What multiples the market chooses to attach to these earnings and hence what levels it trades at depends on the mood of the market at that point in time, he said. “It will all depend on what is the growth inflation dynamics, which, in turn, will dictate the policies of the central bank, which in turn will determine bond yields and cost of equity.”
The market is reasonably valued in the context of bond yields even though it may look expensive at about 22X 1-year forward PE multiple. The yield gap is around (-)150 bps, which isn’t bad in the historical context. As long as bond yields sustain at current levels or even if they move up modestly from current levels, equity markets should be fine.Sanjeev Prasad, Co-Head, Kotak Institutional Equities
The buoyant mood in secondary markets is likely to spill over into the primary markets and this time a number of new technology firms are expected to consider listings.
Does Prasad see interest in this space?
Somewhat under the radar but many of these companies have built reasonably good business models and are quite scalable now, he said.
“If you look at the whole consumer retailing piece, you have several decent companies in various verticals, apart from the horizontal e-commerce platforms,” Prasad said. “Yes, many of them are still consuming cash but to some extent you have started to see consolidation also, which could lead to better economics faster.”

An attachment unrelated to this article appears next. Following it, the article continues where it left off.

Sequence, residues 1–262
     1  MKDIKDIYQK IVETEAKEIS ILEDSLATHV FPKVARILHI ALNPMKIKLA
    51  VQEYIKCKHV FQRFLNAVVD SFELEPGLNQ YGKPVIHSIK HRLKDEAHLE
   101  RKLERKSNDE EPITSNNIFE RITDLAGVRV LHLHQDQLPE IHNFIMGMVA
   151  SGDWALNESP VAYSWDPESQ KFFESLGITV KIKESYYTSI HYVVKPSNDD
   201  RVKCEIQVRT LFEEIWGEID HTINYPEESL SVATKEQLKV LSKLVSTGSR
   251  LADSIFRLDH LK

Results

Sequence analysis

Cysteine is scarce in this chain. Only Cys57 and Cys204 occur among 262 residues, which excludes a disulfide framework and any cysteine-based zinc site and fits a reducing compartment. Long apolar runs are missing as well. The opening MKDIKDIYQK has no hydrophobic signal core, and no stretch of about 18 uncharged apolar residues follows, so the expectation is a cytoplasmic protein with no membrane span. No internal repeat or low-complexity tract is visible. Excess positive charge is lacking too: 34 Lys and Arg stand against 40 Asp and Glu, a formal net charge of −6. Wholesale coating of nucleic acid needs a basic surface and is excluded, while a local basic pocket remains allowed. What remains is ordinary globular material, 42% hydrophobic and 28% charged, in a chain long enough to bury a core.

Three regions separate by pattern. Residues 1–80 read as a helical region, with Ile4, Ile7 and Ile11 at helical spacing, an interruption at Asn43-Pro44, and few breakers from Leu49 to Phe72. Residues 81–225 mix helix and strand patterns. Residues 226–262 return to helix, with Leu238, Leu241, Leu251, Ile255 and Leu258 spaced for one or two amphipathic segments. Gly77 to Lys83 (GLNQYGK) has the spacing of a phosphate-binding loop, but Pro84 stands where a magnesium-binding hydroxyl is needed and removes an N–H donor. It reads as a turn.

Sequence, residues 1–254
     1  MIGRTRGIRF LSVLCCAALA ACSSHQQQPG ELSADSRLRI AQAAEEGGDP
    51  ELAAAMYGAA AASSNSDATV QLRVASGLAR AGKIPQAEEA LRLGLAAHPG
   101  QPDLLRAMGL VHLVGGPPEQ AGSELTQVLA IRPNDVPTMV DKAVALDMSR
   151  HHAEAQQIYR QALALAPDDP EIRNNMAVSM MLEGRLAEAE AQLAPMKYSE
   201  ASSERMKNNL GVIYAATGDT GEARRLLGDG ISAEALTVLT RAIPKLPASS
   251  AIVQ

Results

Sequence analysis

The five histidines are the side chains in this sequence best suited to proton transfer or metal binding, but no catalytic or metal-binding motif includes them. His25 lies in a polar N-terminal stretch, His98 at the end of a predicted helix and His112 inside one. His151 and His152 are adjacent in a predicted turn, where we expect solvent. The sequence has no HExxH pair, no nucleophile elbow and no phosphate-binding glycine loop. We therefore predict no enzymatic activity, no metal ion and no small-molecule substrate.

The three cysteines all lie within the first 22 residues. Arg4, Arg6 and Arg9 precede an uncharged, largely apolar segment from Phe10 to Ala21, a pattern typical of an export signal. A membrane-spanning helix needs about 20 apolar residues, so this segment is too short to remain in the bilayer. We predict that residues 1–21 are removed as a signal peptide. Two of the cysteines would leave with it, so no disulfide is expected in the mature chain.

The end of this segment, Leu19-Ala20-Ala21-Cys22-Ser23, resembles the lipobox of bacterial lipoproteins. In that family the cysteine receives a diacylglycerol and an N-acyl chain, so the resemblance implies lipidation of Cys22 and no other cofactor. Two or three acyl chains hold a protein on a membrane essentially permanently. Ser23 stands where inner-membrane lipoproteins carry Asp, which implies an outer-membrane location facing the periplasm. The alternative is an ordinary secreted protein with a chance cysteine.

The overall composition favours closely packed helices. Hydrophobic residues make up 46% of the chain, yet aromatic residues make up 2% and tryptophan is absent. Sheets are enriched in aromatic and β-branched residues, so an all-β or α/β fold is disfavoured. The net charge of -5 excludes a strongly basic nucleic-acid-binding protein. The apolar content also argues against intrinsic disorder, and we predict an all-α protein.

When asked whether these companies will manage to get the kind of valuations they have on overseas markets, Prasad pointed to high multiples that Indian investors are already paying for good quality business models in India. These multiples are based on the assumption that India's growth should be there for the next 30-40 years.
If you compound at 6% GDP per capita growth over 30 years, in per capita terms we can be six times from where we are. That will take us to $15,000 per capita, still well below the $50,000 per capita for developed countries. So that’s why people are willing to pay these kind of multiples. On the flip side, whether the same companies will be in a position to capture the large market opportunity, only time will tell.Sanjeev Prasad, Co-Head, Kotak Institutional Equities